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Re: New package managment (fbsd ports)

Erik <br0ke@math.smsu.edu> writes:

> this would differ from debs and rpms how? :) And how about dependancies? if the
> pingus autoweb isn't updated iwth the newest version of clanlib referenced,
> then it will get an old version of clanlib... RPM's have been critisized
> because they have no real central repository, and debian packages aren't
> exactly cutting edge... I think it's acceptable, common, de-facto, and
> implementing it as a common cvs repository would be a step in the right
> direction.

CVS would be *far* to much overkill. On FreeBSD the ports system may
be work well and it might be a good idea. But it is simply a package
system, that much much more than a download helper. 
The thing is that I can do with a debian nearly exact the same as with
freebsd ports, maybe more, I don't know. I can automaticly download
binary and source packaged, get there dependencys resolved, get the
dependencys downloaded, etc. On debian I can install nearly every
software package with just:

$ apt-get install my_favarite_package

Thats wonderfull, but it wouldn't help here, what we need is a tool to
resolve library dependencies automaticly, but in the simplest possible
way and that is a shell script.
> it's not incredibly scalable. There will be a point when any method will fail
> due to package number.

autoload shell scripts would still work, since thay would do
everything distributed over other autoload scripts.

> Suppose the debian maintainers decided not to use your package? suppose the
> redhat ppl decided not to? the suse ppl? We put this kind of trust in people
> with alterior motives already. If some non-profit commitee was formed, they
> could provide some form of quality control. 

No, you are getting something wrong, the idea of autoload is, to have
a download helper (maybe also a build helper), which workes recursivly
over the autoload scripts of the main packages autoload script. 
The Ports system would be something comparable to the distributions,
but that wouldn't solve any problems for the people, which just want
to try the newest software package, which was just announce on freshmeat or
happypenguin.org, since it wouldn't be found in the ports hierarchy.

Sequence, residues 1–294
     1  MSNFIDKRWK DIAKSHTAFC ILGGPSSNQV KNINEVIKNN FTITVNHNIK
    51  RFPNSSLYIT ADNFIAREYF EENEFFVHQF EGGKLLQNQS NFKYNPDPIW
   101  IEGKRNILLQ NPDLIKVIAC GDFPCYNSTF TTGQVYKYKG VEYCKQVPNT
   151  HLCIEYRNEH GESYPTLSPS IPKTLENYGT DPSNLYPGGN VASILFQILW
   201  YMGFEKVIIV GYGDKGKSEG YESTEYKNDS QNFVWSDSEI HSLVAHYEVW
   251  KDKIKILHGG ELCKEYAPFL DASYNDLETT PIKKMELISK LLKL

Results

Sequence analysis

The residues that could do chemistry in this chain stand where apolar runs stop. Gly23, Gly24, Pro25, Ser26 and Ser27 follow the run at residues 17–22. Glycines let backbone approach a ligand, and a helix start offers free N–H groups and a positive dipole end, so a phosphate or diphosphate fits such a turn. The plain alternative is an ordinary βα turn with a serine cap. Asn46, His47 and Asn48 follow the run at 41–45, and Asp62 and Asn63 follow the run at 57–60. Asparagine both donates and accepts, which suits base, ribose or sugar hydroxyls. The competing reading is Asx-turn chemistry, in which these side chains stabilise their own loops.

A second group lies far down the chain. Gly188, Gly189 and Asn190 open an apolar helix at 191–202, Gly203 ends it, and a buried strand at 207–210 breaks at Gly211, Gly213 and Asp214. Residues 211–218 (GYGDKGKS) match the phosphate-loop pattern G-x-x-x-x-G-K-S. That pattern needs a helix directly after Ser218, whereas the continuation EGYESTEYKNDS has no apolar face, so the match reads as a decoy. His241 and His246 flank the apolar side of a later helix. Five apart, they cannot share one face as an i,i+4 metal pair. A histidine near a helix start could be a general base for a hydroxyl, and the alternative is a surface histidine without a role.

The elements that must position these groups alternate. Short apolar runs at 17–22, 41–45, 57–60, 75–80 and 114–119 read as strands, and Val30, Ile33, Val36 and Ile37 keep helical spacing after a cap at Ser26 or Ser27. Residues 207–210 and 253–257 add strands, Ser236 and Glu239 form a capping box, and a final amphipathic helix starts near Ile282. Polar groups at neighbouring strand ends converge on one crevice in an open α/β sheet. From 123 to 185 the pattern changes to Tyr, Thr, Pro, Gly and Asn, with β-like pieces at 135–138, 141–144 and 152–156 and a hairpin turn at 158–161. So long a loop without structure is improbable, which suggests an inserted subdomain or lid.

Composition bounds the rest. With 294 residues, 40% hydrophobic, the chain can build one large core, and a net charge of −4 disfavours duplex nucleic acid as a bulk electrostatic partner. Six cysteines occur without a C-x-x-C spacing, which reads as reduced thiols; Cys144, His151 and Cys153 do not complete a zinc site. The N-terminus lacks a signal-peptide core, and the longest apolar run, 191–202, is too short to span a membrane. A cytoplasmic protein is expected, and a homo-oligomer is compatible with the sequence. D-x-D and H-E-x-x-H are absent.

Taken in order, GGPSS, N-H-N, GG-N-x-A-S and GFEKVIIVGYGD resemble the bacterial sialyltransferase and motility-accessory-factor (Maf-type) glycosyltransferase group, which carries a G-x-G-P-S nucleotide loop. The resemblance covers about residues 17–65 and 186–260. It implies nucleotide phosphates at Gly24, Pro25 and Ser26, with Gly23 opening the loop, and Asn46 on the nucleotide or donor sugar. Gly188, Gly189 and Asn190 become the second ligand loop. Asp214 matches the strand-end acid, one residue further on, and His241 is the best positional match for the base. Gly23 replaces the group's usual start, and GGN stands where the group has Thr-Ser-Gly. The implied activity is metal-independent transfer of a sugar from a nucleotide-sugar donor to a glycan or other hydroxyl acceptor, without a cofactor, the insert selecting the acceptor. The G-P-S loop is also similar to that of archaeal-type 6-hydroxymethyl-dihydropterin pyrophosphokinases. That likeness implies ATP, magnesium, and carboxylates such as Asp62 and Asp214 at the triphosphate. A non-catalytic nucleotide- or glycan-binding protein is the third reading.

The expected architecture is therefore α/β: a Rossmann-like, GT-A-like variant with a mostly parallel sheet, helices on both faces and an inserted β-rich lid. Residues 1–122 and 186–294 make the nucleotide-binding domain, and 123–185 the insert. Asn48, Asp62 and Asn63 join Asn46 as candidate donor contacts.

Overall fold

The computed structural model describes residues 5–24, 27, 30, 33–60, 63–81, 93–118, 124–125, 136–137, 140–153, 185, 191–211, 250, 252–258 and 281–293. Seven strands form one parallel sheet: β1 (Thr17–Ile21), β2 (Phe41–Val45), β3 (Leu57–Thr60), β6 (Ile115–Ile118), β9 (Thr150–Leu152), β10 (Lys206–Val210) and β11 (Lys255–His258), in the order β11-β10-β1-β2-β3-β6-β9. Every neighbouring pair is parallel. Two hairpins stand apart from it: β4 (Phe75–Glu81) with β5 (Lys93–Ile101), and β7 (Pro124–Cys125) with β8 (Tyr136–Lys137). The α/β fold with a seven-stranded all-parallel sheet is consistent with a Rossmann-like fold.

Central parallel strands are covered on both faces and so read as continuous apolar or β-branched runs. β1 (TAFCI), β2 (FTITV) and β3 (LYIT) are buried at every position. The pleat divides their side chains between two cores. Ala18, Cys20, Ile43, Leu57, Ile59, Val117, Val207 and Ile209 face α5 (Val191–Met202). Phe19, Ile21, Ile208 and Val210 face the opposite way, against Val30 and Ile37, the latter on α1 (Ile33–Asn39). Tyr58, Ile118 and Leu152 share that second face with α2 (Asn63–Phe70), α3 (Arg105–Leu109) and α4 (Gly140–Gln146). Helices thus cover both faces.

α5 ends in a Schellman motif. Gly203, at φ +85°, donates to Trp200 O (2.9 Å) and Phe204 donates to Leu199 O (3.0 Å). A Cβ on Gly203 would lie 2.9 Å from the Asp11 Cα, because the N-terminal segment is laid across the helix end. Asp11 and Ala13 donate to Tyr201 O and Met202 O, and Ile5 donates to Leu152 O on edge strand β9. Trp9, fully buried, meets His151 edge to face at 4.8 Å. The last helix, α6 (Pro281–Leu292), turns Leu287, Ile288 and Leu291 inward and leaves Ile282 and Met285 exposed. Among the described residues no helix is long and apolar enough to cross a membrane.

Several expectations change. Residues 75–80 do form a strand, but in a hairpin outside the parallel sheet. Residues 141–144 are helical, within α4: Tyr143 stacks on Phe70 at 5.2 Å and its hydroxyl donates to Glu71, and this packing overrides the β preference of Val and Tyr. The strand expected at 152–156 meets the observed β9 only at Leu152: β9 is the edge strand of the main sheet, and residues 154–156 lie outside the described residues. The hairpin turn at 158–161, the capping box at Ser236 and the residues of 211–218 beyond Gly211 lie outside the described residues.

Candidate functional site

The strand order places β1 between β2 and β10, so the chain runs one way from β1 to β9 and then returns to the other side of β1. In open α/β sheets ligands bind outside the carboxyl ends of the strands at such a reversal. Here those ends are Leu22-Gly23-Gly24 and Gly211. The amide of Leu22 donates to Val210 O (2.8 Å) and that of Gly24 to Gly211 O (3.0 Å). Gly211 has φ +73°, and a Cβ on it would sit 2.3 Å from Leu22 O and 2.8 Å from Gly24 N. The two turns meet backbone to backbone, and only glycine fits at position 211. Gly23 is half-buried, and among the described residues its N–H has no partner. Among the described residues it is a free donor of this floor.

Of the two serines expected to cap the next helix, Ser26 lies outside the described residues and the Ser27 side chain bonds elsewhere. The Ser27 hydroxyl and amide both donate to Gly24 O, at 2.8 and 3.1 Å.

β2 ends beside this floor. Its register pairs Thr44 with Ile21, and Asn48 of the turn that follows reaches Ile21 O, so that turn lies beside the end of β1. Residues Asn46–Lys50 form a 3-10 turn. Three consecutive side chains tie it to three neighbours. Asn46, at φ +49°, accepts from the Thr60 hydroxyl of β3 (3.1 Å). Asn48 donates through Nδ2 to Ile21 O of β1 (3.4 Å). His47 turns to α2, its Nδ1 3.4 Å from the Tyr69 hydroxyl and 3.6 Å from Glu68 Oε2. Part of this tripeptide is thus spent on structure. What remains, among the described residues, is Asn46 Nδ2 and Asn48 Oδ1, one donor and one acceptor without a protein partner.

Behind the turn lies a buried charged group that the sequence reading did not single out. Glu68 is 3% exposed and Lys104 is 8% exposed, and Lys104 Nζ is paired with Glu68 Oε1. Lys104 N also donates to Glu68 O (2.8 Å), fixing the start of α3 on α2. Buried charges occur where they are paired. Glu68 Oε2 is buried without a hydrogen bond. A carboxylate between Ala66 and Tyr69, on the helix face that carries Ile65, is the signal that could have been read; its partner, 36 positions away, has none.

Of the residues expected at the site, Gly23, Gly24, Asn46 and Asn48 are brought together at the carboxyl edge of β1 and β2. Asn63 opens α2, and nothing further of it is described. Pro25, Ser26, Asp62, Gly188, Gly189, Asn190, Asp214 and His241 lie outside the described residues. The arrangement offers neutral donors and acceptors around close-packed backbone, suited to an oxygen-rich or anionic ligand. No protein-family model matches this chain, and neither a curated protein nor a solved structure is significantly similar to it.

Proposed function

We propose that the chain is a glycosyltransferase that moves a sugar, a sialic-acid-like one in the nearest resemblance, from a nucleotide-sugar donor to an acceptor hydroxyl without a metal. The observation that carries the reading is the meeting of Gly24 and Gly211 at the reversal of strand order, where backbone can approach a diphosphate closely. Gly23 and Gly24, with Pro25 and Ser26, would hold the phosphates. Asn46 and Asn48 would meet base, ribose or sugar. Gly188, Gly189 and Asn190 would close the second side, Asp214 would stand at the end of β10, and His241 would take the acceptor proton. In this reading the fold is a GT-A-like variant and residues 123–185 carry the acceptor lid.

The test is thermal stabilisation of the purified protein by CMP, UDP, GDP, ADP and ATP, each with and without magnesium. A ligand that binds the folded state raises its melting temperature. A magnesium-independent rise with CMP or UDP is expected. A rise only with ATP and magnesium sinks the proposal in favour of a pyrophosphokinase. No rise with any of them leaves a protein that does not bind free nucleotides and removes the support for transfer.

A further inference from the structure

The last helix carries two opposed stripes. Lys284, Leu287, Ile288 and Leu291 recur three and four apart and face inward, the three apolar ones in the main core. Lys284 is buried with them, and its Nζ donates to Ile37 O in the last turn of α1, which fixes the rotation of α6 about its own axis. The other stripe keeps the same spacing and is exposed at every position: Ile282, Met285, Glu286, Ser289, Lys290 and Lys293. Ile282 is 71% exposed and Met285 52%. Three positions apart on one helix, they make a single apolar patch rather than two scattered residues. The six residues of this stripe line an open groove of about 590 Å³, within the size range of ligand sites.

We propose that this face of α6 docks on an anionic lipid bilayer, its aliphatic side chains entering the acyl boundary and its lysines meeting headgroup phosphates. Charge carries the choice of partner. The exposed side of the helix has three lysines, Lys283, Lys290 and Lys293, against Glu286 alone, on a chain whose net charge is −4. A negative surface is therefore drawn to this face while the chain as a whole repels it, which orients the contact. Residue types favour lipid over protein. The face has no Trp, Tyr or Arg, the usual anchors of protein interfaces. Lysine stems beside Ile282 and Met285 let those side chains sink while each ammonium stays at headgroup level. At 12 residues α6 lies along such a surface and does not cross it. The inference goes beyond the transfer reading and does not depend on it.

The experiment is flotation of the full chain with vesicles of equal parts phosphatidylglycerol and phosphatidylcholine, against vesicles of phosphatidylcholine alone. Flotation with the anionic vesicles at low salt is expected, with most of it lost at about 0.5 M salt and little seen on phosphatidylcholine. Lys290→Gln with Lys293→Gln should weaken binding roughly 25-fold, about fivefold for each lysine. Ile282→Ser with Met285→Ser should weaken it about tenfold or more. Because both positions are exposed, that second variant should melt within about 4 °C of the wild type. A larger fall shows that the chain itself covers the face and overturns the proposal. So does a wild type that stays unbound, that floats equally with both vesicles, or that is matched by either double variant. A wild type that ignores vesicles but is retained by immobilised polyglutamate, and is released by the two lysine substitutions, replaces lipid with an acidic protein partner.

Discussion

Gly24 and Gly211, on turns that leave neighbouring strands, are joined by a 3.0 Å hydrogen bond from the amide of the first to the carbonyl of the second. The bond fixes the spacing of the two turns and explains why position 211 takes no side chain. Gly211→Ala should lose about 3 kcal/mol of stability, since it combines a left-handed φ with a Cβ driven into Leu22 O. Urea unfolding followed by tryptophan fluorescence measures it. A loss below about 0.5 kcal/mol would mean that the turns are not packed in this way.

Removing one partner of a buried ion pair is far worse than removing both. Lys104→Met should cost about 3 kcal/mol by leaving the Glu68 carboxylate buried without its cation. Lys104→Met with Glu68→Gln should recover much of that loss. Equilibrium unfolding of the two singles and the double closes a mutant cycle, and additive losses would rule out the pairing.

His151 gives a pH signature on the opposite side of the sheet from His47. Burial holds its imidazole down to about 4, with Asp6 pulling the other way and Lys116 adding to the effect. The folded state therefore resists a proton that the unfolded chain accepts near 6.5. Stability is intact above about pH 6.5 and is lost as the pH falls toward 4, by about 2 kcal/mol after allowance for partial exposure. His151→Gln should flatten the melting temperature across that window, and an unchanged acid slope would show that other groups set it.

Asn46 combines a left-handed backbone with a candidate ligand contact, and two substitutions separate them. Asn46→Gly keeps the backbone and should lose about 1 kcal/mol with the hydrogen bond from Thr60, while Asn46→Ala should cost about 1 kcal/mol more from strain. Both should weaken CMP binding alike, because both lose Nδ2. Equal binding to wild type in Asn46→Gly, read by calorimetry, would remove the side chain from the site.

>> However, the more I think about it, the more I think the scheme I
>> outlined yesterday is superior.

> you only think that cuz it's yours :)

No, since is simple much better suited to solve the problems, ports
can do that.
autoload would just one shell script that downloads the other autoload
scripts and finally downloads the required libraries, simple and it
could work. For ports we would need a CVS server, a maintainer,
people would need to set up a ports hierachy on there hard
drive.... Just to much downloading the package form a webpage and
finding the required libraries myself is more easily.

> If the autoweb way gets implemented instead of the ports way. And a program
> calls for libblah, and automatically downloads and installs version x of
> libblah. Then another program needs libblah of version y, what happens? does it
> know that a different version was installed? does it upgrade, or attempt dual
> residance? Does it install the new one partially over the old one, breaking the
> first program? How do you enforce sane dependancy checking? 

It would just download the library that is needed for the software
package, if another programm needs another version of that library
than it would download the other version, but after installation that
is no problem, since linux can handle different library versions. The
problem would be just in the build stage.
But autoload can really give a good solution here, since autoload
would also fail were a human would fail, it can't do any miracles.

                                  http://dark.x.dtu.dk/~grumbel/pingus/ | 
Ingo Ruhnke <grumbel@gmx.de>             http://home.pages.de/~grumbel/ |